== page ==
WHITESBORO — A classroom full of second-graders lying on the floor, rocking back and forth, spinning on stools and bouncing atop brightly-colored balls might sound like chaos, but it’s not for Hayes Primary School teacher Kenda Carey in Whitesboro.
Largely forgone the traditional, static school desk and chairs in favor of flexible, kid-friendly furniture, Carey’s young students are free to choose from a variety of seating options including exercise balls, cushions, stools and rocking chairs. They are also free to move about the classroom, sit or stand, and use mobile surfaces such as clipboards and lap desks.
Carey said young students, like her second-graders, are frequently in motion and that she changed her classroom furniture to give them that freedom.
“Today’s kids, they move and wiggle,” Carey said. “They aren’t ‘sit-at-your-desk’ students and we had to move and change with that.”
Second-grader Emma Parish said she enjoys the flexible furniture and that sitting on the exercise balls has been particularly helpful for her writing skills.
“I really like them because it allows me to do my best handwriting,” Parish said.
As a first-year teacher, Carey said she was in a unique position to propose the furniture swap to Hayes Principal Patti Achimon, and even if her request was deemed too ambitious and she got turned down, it was worth a shot.
“I just had to be brave enough to ask to do it,” Carey said with a laugh. “I thought this was a great opportunity for me to do it and I’m a first-year teacher so all I had to do was say that and that I didn’t know any better.”
But she wasn’t turned down. After hearing the request, Achimon did her diligence and gave the second-grade teacher the go ahead. Achimon said that her research into the benefits, coupled with her confidence in Carey as an instructor, was all the reason she needed to green light the project.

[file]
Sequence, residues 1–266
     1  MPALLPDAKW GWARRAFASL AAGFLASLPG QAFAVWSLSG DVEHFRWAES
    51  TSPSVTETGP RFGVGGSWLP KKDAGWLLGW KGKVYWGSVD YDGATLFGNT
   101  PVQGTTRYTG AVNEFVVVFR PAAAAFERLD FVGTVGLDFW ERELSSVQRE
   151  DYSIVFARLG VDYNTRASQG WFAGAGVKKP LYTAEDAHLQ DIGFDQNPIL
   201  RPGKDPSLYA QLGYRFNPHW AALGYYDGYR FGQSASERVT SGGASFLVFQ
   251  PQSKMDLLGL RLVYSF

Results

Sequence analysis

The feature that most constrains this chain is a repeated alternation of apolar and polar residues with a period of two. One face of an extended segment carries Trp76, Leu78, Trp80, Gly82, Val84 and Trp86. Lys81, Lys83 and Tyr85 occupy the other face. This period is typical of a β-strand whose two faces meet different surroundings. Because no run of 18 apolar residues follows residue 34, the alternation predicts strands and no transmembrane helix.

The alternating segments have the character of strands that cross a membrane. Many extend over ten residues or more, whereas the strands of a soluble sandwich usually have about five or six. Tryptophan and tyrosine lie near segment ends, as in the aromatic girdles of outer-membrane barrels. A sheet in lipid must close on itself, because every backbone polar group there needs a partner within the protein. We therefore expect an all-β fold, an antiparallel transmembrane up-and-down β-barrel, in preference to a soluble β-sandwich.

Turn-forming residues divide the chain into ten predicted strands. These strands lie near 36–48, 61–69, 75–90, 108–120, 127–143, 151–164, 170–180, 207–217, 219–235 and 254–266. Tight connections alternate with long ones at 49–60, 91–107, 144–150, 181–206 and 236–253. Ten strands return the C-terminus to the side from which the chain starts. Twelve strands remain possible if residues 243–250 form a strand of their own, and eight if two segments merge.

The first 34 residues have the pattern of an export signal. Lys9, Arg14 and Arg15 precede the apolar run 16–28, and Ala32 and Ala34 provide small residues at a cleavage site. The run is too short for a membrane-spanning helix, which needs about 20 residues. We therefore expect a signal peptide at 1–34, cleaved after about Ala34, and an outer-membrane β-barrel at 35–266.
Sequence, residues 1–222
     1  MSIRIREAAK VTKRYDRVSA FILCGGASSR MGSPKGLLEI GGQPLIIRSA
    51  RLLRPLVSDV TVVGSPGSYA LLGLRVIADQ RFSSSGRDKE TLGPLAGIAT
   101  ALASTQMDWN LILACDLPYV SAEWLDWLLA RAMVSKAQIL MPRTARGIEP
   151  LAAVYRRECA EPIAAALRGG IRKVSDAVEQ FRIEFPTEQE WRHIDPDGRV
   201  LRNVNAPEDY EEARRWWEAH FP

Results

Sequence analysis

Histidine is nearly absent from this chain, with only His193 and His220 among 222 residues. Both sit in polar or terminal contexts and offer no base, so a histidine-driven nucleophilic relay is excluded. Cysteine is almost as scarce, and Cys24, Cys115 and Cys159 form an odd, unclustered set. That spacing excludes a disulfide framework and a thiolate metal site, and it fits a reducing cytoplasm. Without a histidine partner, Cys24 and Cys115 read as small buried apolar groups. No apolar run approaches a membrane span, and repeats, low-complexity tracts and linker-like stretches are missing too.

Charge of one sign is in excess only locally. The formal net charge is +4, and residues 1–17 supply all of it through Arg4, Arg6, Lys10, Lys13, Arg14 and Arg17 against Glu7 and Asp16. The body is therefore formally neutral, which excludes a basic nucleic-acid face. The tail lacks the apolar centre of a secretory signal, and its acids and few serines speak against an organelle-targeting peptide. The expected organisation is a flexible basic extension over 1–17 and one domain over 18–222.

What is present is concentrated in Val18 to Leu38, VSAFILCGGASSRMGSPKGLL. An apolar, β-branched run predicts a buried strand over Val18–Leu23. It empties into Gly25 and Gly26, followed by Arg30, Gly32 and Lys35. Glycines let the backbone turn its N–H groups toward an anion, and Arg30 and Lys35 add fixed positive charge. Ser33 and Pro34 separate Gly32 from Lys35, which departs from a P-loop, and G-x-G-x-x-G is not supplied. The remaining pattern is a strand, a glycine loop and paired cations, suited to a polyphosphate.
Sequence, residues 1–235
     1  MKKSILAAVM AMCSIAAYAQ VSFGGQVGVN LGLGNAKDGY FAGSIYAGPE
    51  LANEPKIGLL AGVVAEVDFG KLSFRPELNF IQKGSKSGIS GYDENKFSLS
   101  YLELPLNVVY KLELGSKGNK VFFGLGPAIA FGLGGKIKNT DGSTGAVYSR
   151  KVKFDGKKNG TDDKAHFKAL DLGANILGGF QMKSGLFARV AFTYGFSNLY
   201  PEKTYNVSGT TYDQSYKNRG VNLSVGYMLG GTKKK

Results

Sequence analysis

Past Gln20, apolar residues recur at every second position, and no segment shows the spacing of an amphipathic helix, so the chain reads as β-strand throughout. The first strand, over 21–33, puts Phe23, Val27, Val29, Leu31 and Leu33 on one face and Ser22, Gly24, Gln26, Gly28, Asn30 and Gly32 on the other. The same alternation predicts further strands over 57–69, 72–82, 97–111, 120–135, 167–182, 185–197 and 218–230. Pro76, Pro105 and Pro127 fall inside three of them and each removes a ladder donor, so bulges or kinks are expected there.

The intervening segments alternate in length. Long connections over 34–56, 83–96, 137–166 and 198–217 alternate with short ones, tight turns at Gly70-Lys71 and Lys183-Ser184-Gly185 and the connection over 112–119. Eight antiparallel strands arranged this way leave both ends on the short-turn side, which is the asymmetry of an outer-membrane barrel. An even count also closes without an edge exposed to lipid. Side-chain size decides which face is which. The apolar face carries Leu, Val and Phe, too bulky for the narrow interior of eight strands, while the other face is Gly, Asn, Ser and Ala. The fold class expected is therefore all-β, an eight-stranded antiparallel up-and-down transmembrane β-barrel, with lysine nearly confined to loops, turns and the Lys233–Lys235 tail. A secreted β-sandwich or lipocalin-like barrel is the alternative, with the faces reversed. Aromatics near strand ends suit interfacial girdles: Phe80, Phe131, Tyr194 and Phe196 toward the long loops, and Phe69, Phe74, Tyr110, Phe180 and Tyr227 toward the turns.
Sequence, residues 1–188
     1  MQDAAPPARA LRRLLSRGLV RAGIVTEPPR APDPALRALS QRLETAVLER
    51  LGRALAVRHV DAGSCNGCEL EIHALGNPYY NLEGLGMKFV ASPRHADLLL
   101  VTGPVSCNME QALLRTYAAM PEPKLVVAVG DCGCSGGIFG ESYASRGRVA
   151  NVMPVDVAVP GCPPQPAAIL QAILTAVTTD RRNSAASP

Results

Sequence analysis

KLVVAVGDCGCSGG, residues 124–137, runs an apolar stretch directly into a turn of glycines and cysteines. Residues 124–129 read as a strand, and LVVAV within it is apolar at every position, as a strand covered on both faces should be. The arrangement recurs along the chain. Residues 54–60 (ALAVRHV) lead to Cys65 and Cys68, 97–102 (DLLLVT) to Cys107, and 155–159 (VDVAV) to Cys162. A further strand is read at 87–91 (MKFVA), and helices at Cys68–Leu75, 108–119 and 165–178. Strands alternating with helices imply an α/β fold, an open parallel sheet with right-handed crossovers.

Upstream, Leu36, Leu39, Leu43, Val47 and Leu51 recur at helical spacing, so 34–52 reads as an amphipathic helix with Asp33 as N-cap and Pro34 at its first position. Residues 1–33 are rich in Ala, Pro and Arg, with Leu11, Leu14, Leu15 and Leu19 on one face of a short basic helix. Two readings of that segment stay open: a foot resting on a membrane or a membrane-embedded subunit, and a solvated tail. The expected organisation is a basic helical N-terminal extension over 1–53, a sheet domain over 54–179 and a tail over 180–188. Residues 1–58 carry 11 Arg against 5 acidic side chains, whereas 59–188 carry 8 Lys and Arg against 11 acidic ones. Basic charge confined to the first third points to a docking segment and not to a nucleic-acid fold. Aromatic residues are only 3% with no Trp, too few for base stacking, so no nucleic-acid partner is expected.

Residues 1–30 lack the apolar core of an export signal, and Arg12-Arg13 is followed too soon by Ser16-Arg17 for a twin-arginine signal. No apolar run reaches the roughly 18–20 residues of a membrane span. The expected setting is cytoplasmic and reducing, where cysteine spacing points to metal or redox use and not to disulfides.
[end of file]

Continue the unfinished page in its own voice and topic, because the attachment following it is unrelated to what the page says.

“There’s a lot of research showing that letting kids move helps to keep them focused,” Achimon said. “And she’s a natural educator, so I trusted her and read up on the research and we went for it.”
Carey acknowledged that her plan was “out-of-the box” and said she wasn’t sure how it might go over with parents in a smaller town like Whitesboro. But after sharing her plan and the research with parents, she has received lots of support and positive feedback.
Achimon said the parent of one student in Carey’s class has even seen a total turn-around in her child’s participation and performance.
“For one parent that talked to me about it, it has made a complete difference in her child this year,” Achimon said. “Behavior has been greatly improved. His focus, his wanting to be at school, his wanting to learn has greatly increased.”
Carey said the project has required some ingenuity and a little of of her own money, but the benefits well outweigh the costs.
“It’s definitely worth it,” Carey said.